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 TIME on politics Congressional Quarterly CNN/AllPolitics CNN/AllPolitics - Storypage, with TIME and Congressional Quarterly

Censure motion not likely until after trial

February 8, 1999
Web posted at: 1:13 p.m. EDT (1313 GMT)

WASHINGTON (AllPolitics, February 8) -- Any movement toward a censure of President Bill Clinton would likely come after the Senate returns from the President's Day recess, according to Sen. Dianne Feinstein (D-California), who is drafting such a resolution.

Sen. Dianne Feinstein  

Feinstein said Monday her plan would be to attach the motion she is proposing to a bill while the Senate is in legislative session after Clinton's trial ends.

Speaking to reporters after a Democratic caucus, Feinstein said it is not be possible to bring the censure motion to the floor of the Senate while it is sitting as a jury in the trial of the president. The Senate must be in legislative session for a member to propose legislation.

A draft of the censure resolution, proposed by Sens. Feinstein and Daniel Patrick Moynihan (D-New York), cites Clinton for "shameless, reckless and indefensible behavior" that demeaned the office of the president and "creates disrespect for the laws of the land."

Feinstein says she will not bring the censure motion up this week, even if the trial ends as scheduled, because one member, Sen. Phil Gramm (R-Texas), has said he will object to the motion being presented at that time.

Gramm has proved the most vocal opponent of censure and has promised to fight the motion. "Impeachment is about the Constitution. Censure is about getting political cover," Gramm said on NBC's "Meet the Press" Sunday.

Sen. Daniel Patrick Moyniham  

"People want to be on both sides of the issue. They want to say the president's not guilty, they want to say the president's guilty. The problem is, this 'covering-your-fanny' approach has constitutional cost," he said.

Despite Gramm's opposition, Senate Minority Leader Senate Tom Daschle (D-South Dakota) said there were still efforts to try to bring up a censure measure this week. "And so we'll be looking for ways in which to do that by the end of the week," Daschle said.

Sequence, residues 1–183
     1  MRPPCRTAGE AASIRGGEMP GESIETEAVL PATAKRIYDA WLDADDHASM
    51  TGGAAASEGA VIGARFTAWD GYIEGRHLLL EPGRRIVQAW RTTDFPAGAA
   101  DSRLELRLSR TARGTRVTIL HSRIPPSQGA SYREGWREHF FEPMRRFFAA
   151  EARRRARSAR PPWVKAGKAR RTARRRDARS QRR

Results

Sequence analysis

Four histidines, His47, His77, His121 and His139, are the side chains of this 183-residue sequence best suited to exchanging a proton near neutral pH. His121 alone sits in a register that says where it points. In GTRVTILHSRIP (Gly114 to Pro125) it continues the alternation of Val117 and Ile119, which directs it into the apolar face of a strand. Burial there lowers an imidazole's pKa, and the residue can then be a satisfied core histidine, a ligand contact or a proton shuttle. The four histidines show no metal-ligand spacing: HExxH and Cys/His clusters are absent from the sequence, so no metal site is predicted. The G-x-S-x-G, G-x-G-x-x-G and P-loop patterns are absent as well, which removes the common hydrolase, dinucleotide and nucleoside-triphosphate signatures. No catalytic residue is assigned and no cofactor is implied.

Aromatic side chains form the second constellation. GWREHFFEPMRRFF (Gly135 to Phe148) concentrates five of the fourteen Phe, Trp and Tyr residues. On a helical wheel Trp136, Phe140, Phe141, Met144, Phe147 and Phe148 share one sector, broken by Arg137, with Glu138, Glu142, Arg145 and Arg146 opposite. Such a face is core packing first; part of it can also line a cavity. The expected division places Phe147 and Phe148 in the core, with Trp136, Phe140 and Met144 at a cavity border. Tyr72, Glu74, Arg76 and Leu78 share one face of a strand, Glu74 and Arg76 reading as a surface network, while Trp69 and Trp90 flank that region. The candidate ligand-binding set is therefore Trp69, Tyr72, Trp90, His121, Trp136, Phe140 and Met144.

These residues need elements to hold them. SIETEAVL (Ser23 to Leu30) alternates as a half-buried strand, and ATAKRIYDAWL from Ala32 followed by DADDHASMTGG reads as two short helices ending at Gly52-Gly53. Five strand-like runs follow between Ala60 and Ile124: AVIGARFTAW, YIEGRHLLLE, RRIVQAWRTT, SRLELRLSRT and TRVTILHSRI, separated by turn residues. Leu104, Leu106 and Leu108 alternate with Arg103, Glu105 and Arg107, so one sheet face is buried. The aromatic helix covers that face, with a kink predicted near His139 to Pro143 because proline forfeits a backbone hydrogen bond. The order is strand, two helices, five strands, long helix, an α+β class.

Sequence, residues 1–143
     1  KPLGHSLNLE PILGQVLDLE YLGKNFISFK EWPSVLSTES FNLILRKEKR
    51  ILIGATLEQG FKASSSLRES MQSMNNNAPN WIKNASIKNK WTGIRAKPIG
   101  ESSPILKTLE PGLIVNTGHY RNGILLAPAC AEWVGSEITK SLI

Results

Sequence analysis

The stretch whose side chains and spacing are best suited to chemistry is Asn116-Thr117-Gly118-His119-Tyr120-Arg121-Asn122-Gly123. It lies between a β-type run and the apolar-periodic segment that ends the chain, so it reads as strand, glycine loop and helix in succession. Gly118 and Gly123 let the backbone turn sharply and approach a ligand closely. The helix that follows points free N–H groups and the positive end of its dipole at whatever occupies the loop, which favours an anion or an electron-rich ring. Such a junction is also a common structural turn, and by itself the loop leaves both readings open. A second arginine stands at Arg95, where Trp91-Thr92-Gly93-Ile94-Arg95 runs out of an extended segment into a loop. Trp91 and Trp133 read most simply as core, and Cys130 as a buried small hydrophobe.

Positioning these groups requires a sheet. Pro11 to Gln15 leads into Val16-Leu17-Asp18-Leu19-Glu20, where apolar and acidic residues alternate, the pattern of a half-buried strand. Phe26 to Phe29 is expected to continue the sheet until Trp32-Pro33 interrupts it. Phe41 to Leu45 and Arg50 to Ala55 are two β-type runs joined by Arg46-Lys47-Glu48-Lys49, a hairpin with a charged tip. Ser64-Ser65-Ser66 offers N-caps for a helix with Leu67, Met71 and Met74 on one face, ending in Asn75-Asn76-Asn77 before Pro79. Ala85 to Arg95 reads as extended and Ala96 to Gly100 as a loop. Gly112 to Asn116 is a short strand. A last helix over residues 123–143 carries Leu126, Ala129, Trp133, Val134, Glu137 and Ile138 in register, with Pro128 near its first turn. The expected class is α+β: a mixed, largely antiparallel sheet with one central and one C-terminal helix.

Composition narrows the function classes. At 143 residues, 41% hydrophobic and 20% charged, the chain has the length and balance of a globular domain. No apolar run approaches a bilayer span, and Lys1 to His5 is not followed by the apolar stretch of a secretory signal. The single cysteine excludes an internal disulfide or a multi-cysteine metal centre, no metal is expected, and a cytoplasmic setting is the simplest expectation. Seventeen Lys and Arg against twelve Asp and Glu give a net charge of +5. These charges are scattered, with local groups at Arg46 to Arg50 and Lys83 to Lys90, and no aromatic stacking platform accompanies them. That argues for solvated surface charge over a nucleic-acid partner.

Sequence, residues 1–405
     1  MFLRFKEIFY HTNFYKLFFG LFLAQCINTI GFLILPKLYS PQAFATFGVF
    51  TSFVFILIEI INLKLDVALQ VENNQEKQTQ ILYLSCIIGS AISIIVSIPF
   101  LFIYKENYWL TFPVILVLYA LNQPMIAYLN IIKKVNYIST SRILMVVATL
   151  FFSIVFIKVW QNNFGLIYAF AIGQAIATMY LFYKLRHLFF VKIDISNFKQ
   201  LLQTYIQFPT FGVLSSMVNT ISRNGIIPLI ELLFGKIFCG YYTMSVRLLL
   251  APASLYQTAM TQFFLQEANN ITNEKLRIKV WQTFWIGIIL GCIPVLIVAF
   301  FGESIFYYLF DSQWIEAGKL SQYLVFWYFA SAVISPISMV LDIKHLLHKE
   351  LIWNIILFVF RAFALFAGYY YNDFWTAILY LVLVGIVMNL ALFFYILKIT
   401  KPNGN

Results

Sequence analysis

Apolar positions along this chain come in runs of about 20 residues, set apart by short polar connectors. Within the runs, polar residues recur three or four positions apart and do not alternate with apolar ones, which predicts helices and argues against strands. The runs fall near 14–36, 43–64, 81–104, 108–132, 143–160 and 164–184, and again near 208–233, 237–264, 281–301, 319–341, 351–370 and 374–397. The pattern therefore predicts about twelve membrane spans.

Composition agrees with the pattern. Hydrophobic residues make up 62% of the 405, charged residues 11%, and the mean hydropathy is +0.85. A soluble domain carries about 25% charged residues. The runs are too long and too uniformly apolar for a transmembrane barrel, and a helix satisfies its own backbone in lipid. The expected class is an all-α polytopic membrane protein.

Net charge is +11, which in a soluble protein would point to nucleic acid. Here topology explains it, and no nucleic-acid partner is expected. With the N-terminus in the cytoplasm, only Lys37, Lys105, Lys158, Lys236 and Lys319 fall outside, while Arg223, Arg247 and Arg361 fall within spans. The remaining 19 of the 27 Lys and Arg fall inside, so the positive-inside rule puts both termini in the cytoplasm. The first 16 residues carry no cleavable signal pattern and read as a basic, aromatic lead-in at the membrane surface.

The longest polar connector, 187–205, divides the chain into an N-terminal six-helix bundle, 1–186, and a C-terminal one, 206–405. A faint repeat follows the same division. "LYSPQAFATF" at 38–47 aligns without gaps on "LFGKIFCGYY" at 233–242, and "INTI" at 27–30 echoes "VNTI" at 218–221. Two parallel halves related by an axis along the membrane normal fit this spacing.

But he added that if such a resolution is not allowed this week, he would bring it up after Congress returns from its recess.

"Our expectation is we would," Daschle said. "I don't know that Phil Gramm has the 40 votes to sustain his position, but if he does, we will just look for appropriate vehicles when we come back and keep amending those vehicles so long as it takes to amend the censure."

Many Senate Democrats have been pressing for a censure resolution they hope can pass this week and help bring closure to the impeachment case against Clinton.

Sen. John Breaux  

"I think there will be a majority of the Senate that will support a censure resolution. That obviously means it will be bipartisan. I think a very significant number of Republicans who would want a strong censure resolution, so that a vote not to convict on the articles cannot be interpreted as a statement that the president is innocent," Sen. John Breaux (D-Louisiana) said Sunday on CBS's "Face the Nation".

Sen. Mitch McConnell (R-Kentucky) said he believes that censure stands a chance with Republicans.

"The question is, do you really want to leave this whole matter at the end of this week with an acquittal of the president, when in my view, he committed perjury and obstructed justice? It does leave you with sort of an empty feeling, and that's why, depending upon the words, it may have some appeal on the Republican side," McConnell said on "Face The Nation."

CNN's Caroline Nolan contributed to this report.

Investigating the President


Monday, February 8, 1999

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